Playhouse Theatre
Northumberland Ave
London, WC2N 5DE
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Opened: 10 Oct 2015
Booking from: 22 Jan 2016
Booking until: 22 Jan 2016
Duration: 2 hours 10 minutes
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  • maytebologna 154 female 13 reviews 3 helpful votes
    60% total rating Lord of the Dance: Dangerous Games, 11th December 2015
    I love Celtic dances and music, by the show felt a bit tacky. Maybe I was way too close and noticed all the details about costumes and scenography, but I still would have wished to see more spectacular dancing than trying to adorn it with costumes that had nothing to do with the Celtics!
    Sat in Stalls C1
    Very good seat, in a small theatre like this you can also benefit from a good view up close without getting the neck ache from looking up at this point of the stalls. Seats are not that wide but still ok.
    C1 Stalls - Playhouse Theatre - Seat Review & View Photo
    View from Stalls C1
  • samshonk 5"7 female 187 reviews 5 helpful votes
    100% total rating Lord of the Dance: Dangerous Games, 5th January 2016
    Sat in Stalls G21
    Great legroom and even though a side seat could see everything. I do like the stalls in this theatre.
    G21 Stalls - Playhouse Theatre - Seat Review & View Photo
    View from Stalls G21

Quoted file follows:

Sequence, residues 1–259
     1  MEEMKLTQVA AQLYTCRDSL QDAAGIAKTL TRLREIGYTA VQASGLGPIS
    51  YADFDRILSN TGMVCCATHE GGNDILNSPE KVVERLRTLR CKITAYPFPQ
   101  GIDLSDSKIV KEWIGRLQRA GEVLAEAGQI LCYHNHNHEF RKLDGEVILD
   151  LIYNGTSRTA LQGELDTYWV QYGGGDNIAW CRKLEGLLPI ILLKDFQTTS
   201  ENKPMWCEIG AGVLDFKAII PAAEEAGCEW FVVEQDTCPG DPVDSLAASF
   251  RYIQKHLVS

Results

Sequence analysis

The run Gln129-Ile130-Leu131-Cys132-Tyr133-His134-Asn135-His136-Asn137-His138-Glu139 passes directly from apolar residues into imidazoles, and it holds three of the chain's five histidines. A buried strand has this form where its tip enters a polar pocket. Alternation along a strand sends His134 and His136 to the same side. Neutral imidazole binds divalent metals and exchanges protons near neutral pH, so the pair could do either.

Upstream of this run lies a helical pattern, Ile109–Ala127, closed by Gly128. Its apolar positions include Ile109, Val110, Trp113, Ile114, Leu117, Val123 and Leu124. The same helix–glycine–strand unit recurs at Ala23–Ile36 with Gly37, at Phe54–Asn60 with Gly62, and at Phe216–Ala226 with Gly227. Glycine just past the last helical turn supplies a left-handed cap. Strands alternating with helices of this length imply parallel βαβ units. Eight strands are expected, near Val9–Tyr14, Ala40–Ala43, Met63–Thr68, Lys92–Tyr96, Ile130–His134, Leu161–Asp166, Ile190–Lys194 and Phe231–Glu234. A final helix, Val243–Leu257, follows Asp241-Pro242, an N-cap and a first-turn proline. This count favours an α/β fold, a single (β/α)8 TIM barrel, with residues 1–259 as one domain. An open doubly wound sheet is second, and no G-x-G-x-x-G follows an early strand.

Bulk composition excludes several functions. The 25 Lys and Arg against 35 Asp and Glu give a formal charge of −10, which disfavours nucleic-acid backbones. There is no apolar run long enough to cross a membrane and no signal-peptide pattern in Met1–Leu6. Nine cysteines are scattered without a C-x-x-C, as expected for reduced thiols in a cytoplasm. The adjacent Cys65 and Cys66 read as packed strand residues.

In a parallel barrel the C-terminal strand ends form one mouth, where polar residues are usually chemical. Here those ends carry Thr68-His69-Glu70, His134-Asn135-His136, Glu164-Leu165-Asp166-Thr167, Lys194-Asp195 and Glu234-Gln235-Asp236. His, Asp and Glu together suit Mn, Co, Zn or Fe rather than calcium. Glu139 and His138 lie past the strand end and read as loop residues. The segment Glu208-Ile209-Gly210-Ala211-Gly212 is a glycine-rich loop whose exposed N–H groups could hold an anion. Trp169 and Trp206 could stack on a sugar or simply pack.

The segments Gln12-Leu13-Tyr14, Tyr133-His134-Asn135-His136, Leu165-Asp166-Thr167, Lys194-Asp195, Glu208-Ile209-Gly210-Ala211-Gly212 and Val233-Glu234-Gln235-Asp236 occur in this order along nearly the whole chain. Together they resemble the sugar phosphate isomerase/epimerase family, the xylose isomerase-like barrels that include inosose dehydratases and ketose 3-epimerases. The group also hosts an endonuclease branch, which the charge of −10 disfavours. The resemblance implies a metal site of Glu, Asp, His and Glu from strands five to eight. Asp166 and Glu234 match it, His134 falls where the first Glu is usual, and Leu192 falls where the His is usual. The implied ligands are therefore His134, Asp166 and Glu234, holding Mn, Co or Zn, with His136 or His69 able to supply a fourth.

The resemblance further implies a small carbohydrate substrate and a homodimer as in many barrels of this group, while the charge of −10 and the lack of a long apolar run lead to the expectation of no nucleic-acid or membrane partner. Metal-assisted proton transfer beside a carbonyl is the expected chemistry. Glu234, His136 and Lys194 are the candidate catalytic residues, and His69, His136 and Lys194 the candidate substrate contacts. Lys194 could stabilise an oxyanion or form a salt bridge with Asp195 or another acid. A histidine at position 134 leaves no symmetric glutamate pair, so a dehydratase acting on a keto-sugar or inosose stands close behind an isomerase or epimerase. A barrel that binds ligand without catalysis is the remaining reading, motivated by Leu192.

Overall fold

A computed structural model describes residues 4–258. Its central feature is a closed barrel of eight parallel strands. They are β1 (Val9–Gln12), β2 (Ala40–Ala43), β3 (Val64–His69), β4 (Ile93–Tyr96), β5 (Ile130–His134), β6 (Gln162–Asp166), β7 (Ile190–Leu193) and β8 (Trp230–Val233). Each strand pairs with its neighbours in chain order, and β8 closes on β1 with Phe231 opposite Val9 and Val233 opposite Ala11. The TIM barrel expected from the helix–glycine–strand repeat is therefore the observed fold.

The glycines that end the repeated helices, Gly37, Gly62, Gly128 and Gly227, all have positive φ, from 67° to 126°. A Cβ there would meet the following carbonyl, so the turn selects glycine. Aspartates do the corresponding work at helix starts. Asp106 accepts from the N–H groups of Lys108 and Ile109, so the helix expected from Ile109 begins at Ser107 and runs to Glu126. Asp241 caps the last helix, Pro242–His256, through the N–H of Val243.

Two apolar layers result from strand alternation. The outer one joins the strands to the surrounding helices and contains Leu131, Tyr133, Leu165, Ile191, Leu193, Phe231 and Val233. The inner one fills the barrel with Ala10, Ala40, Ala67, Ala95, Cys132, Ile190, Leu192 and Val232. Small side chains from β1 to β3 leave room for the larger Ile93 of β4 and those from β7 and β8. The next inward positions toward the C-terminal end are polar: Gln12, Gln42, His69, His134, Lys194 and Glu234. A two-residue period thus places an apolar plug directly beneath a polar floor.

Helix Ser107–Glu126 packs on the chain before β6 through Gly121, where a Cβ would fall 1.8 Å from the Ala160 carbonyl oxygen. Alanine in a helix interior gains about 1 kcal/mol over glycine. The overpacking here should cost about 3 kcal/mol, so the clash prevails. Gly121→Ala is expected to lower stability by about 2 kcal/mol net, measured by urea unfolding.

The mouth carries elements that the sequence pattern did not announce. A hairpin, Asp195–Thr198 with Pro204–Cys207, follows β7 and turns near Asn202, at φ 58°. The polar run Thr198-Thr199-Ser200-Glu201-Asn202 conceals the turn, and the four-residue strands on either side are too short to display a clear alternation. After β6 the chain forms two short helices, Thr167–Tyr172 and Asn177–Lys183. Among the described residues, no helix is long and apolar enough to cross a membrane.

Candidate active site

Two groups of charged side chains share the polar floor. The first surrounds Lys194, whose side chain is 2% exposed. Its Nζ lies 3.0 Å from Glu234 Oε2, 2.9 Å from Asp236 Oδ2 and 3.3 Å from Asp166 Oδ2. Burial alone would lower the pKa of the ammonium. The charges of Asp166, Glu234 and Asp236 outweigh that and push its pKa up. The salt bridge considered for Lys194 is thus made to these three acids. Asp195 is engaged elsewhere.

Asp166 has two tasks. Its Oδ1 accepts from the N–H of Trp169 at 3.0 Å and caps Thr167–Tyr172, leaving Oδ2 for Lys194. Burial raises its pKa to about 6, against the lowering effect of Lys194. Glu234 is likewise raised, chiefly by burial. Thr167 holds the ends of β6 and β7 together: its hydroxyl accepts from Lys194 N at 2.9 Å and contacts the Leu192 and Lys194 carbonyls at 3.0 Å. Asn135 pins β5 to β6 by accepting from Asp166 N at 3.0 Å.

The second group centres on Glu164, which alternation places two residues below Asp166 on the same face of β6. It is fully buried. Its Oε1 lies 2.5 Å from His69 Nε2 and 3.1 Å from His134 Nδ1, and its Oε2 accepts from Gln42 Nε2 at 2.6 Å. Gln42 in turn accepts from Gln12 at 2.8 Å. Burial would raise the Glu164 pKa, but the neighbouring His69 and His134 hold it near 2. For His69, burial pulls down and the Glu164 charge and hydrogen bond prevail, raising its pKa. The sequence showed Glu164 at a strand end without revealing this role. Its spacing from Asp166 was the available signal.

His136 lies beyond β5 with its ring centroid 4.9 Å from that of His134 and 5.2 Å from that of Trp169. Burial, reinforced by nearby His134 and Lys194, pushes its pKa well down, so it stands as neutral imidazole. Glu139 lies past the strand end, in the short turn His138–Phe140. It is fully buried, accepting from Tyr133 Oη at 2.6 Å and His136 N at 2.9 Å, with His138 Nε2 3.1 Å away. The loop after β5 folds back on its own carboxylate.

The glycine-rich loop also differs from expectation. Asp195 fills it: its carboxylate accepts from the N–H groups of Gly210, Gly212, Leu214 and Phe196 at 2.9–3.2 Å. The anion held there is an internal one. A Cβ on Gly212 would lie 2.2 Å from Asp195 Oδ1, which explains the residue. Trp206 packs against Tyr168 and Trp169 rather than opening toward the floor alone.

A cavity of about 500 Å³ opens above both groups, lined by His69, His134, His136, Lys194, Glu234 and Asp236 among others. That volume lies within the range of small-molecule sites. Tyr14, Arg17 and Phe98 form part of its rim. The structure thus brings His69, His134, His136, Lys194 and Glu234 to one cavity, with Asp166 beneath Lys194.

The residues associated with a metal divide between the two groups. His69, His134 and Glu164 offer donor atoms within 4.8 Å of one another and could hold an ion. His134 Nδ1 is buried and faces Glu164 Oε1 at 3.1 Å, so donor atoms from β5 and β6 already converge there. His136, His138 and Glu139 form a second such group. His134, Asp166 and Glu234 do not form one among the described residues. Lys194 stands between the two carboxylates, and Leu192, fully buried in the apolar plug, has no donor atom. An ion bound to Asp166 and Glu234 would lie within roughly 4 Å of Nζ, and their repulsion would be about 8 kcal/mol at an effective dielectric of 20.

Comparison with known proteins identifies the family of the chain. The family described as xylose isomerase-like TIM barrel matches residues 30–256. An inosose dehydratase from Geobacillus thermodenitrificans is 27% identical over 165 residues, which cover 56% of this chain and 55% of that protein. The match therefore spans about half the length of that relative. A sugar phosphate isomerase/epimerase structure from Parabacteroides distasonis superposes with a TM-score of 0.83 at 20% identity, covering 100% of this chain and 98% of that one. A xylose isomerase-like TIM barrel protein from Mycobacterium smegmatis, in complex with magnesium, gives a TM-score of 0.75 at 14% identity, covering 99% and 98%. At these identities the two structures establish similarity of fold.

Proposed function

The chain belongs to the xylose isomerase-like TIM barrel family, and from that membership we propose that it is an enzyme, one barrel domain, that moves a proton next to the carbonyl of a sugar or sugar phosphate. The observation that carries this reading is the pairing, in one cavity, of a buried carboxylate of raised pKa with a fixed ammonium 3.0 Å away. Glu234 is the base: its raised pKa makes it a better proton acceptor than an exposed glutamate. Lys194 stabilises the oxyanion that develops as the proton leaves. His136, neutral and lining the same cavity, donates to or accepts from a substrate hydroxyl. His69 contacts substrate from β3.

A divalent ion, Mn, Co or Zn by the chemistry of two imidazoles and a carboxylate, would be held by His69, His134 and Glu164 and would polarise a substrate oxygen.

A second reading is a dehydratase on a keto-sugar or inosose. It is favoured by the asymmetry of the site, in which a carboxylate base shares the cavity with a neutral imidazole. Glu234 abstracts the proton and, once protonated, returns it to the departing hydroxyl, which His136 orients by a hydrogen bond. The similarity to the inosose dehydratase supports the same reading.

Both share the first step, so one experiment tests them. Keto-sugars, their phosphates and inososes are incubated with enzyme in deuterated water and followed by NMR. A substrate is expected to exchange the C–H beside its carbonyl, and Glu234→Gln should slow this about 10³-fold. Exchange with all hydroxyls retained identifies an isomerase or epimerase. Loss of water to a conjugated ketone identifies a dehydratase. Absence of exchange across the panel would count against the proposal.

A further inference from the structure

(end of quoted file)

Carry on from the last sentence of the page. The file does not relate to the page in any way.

The Playhouse Theatre is fairly intimate with very good sightlines on the whole. Lord of the Dance: Dangerous Games is a phenomenal spectacle that will definitely have impact even in the furthest seats from the stage. If you fancy dancing along, be aware that legroom is generally rated very poorly in the Upper Circle.
Playhouse Theatre, London interactive seating plan & seat reviews
Tradition meets innovation in Michael Flatley’s legendary Irish dance spectacular, Lord of the Dance: Dangerous Games. This production tells a traditional story from Irish folklore through a variety of performance styles; from dance and ballads to holographs, robots, acrobats, and special effects lighting.
The cast of 40 talented dancers take to the stage for 16 performances only to tell the story of Little Spirit, who flies to the side of the titular Lord of the Dance as he protects his subjects from the dark lord Don Dorcha. The pop-infused Irish folk music by Gerard Fahy carries the story along to its dramatic conclusions in what is the latest incarnation of the Lord of the Dance series.
James Keegan and Morgan Comer reprise their roles as The Lord as Dangerous Games transfers to the Playhouse Theatre. Both dancers hand-picked and personally trained by Michael Flatley specifically for this production. Speaking of the extension of the show’s West End run, Flatley says he is ‘immensely proud’ of what the cast have achieved in this smash-hit that has rarely been off the London stage.
Michael Flatley is a multi-prize-winning Irish dancer, who revolutionised the traditional dance style with his shows Riverdance, Lord of the Dance and Celtic Tiger. His talent and unique personality was spotted early on in his career, and since then he has toured the world with his box-office-smashing shows.
This spectacular show is a thrill-ride for all audiences, but especially those with an interest in Irish culture including dance, music and folklore. The narrative is not complicated to follow and children will be swept away by the high-energy movement.